LANSING, Mich. — The ban on so-called ‘ballot selfies’ in Michigan is resurfacing with the introduction of a new proposal that would allow voters to use their cell phones or other cameras to take pictures of their ballots or themselves with their ballots in a polling place.
Rep. Steve Johnson, R-Wayland, introduced the proposal which has bi-partisan support in the Legislature.
>> READ: Michigan HB 4328
“Around the country, people increasingly are sharing pictures of their ballot as a way to show support for candidates and issues,” Johnson said in a statement, adding that 20 other states currently allow ‘ballot selfies.’
“The Founding Fathers felt so strongly about our freedom of speech that they protected it with the First Amendment to the United States Constitution. It is our responsibility to preserve and protect this form of free speech in Michigan.”
The court battle was prompted by a lawsuit filed by Joel Crookston of Portage who argued the ban on photos violates the First Amendment. The state said voters are free to declare their political preferences to the world — if they do it away from a polling place. The state said it was trying to avoid “chaos.”
Steve Klein, Crookston’s attorney, commended the bill and Johnson and told FOX 17 passage would be a “big step forward for free speech” in the state.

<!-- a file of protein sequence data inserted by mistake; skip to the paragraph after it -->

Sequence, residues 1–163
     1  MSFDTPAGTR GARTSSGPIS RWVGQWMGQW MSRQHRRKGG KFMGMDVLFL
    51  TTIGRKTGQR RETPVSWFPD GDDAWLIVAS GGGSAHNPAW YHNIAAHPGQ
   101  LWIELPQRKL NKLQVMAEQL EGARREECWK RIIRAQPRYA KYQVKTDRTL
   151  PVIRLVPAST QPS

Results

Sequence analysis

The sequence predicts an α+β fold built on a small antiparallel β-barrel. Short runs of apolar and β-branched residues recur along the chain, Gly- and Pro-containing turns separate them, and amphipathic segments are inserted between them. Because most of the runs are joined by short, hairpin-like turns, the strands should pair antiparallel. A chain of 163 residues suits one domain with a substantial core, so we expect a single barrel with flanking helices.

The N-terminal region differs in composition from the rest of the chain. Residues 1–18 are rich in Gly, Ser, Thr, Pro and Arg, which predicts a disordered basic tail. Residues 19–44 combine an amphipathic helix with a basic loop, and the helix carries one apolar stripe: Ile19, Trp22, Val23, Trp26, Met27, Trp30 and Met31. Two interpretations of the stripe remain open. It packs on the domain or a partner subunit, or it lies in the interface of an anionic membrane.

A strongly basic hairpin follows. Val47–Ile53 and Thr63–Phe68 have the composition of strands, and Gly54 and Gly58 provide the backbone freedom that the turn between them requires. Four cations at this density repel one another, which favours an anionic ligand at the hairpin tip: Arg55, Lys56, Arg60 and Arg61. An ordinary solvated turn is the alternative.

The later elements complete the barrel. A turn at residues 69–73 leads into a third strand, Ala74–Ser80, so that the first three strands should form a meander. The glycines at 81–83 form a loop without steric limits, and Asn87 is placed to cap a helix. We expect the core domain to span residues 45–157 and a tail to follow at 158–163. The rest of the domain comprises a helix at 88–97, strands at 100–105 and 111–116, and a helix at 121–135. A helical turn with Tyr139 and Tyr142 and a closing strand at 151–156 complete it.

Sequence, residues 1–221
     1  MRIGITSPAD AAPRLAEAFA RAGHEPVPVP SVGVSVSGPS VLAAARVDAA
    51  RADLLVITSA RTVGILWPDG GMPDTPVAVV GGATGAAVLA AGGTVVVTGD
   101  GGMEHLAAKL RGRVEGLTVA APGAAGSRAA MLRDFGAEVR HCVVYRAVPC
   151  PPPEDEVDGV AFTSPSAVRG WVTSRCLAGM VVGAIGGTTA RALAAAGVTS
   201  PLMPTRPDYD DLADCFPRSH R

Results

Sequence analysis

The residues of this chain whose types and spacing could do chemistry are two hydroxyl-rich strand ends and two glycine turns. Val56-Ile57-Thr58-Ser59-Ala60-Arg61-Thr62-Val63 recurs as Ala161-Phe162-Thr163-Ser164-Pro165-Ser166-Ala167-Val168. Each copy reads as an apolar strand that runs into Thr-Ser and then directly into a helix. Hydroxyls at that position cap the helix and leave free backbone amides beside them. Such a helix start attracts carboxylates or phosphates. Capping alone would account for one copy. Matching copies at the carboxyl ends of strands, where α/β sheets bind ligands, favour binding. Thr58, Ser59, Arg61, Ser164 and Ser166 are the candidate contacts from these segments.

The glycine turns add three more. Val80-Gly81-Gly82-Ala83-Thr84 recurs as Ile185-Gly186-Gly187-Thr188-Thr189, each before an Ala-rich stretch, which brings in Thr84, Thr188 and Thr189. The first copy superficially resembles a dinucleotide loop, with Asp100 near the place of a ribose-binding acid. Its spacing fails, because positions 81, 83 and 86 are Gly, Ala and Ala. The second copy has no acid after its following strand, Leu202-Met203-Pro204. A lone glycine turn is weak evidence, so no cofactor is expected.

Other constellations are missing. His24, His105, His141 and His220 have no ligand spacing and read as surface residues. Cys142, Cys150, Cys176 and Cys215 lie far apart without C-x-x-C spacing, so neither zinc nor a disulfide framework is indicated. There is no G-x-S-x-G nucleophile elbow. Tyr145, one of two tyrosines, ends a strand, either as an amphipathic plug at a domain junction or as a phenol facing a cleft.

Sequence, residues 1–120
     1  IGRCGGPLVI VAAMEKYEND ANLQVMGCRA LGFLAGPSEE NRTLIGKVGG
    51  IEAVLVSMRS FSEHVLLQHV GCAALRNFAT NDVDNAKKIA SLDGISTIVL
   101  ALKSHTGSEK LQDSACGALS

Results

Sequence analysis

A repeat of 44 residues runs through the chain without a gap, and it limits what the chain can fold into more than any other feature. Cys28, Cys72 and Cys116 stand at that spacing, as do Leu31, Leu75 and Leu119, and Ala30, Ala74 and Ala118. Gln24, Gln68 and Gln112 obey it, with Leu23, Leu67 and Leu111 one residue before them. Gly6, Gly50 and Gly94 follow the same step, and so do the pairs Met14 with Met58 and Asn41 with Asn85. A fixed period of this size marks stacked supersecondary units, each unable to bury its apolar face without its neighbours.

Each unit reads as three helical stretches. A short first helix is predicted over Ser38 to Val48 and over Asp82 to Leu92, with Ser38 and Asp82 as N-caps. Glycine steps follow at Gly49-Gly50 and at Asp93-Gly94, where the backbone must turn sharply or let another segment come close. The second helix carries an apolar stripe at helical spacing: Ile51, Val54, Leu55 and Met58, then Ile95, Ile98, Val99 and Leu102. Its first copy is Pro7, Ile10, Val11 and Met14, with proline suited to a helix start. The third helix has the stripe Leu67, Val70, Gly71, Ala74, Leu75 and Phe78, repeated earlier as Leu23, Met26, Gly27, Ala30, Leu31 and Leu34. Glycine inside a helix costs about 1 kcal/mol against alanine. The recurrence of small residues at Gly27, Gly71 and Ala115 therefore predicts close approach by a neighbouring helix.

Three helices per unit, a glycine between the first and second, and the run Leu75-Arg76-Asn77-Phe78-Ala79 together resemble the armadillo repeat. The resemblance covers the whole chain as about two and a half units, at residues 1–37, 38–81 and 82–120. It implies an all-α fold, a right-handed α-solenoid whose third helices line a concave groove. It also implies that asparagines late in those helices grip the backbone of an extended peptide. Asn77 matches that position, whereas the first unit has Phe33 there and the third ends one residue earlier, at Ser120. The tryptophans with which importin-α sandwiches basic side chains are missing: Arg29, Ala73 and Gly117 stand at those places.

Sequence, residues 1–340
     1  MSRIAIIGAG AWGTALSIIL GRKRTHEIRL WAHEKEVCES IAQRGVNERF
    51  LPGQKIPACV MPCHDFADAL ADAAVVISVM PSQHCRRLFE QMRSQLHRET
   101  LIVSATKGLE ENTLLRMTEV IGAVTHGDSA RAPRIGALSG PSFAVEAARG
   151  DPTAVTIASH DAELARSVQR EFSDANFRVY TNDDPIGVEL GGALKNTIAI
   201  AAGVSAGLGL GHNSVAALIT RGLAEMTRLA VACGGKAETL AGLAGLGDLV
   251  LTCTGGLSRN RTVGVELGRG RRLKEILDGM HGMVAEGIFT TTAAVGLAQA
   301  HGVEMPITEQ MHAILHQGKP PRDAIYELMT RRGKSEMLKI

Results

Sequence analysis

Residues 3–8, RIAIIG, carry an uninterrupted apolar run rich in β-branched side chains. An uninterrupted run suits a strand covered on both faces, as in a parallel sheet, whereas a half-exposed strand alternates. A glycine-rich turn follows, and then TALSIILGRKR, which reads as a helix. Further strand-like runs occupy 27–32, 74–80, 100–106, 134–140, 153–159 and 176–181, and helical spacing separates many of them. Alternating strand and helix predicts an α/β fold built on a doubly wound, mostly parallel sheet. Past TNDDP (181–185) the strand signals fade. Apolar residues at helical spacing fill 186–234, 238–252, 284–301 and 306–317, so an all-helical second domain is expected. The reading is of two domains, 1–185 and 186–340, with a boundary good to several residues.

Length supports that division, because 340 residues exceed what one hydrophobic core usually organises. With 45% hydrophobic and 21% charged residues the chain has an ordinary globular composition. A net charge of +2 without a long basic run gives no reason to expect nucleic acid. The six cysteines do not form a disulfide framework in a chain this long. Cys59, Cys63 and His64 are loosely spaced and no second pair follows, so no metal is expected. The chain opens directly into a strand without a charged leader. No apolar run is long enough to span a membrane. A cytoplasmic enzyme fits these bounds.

“By allowing ballot selfies and some other forms of photography in polling places, the bill would address most of the issues in Joel Crookston’s case against Secretary of State Ruth Johnson,” Klein told FOX 17 by email Wednesday.
“My only concern, if the bill passes in its introduced form, is that the Secretary of State might still put different restrictions on how citizens like Crookston and so-called “credentialed media” take photographs in polling places. Either photography is disruptive or distracting, or it isn’t; it should not be up to the Secretary of State or any governmental official to make that determination based solely on who is taking the photograph.”
A similar bill allowing ‘ballot selfies’ was passed by lawmakers in Colorado at the beginning of March, the Denver Post reports.